No offense to them, but Metro Council members have 39 other members to hide behind in making decisions these kinds of decisions. You can be a little more political, knowing that yours is only one of 40 votes. The school board is just 9 members, there is no hiding. There is no room to play politically. It makes the stakes al the higher and as a result, the pressure a lot more intense. With that kind of pressure, why is everybody so surprised that at times they appear less than perfect? At the end of the day, they are merely individuals doing the best they can in an environment that is under a constant microscope, they are not oracles from God.

You can’t ask a body to be functional and then not give it any room to work. Perhaps we should give the school board a little air to breathe. We trusted them enough to give them one of our most prized possessions, our vote, maybe we should trust them to plot the right course.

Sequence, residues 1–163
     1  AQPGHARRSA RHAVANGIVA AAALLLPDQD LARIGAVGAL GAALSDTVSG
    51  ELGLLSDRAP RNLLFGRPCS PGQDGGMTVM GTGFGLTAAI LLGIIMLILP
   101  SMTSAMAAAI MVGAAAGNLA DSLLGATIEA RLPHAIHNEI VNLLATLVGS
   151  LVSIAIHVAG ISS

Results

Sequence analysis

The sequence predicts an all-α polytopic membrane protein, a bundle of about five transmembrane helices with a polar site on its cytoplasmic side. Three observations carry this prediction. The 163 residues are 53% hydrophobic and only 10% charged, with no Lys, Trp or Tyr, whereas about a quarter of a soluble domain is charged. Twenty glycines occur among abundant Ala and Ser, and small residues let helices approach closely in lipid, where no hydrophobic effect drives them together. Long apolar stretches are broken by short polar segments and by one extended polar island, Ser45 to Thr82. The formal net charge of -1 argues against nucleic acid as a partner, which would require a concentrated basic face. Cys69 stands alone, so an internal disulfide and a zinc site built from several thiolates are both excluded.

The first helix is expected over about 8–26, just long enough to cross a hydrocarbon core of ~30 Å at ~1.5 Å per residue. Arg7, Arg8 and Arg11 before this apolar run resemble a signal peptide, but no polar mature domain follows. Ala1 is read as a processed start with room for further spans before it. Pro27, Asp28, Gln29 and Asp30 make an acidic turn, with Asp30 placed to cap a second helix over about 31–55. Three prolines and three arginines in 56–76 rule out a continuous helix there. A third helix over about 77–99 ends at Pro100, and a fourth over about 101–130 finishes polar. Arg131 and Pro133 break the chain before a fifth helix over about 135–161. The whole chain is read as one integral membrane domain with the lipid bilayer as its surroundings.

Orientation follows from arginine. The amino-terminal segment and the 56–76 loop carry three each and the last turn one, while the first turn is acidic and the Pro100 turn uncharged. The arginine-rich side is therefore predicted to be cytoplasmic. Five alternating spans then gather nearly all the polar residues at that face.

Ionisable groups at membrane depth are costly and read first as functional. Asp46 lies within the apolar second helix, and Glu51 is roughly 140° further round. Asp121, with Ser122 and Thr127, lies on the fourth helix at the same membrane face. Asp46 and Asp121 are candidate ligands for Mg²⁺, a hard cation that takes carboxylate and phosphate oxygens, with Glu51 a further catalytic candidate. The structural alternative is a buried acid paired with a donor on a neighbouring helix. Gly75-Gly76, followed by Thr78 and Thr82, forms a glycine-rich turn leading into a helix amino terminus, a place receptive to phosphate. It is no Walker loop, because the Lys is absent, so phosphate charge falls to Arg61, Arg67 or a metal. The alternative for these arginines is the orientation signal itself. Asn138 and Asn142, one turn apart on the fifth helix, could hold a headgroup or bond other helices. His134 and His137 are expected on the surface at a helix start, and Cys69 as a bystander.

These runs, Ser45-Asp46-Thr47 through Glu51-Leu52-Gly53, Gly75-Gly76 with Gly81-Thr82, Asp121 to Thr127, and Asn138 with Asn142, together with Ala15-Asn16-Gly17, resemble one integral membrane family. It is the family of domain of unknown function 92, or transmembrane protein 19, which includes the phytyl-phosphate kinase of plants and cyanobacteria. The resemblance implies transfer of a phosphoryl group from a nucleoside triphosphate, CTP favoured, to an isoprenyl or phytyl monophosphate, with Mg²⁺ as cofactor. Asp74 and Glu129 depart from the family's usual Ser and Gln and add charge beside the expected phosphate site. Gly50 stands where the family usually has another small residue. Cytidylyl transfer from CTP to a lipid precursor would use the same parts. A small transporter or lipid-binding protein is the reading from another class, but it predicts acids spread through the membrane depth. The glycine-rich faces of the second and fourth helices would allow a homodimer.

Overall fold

Obviously, communication lines need to remain open and they need to hear from constituents about what’s happening, but large initiatives and public criticisms of dysfunction need to be briefly curtailed while the board is allowed to do the job they were elected to. When contacting them, besides airing our grievances, we might also want to offer some support and recognition of the degree of difficulty as well.  And yes, I said elected, not self-appointed based upon access to elevated resources. There is a time to apply pressure and there is a time to let breathe, this is a time for the latter with plenty of time in the future for the former.

I’m strangely confident that they are going to get this one right. But it’s going to take all of us burying some self-interests and personal agendas. A difficult task at the best of times.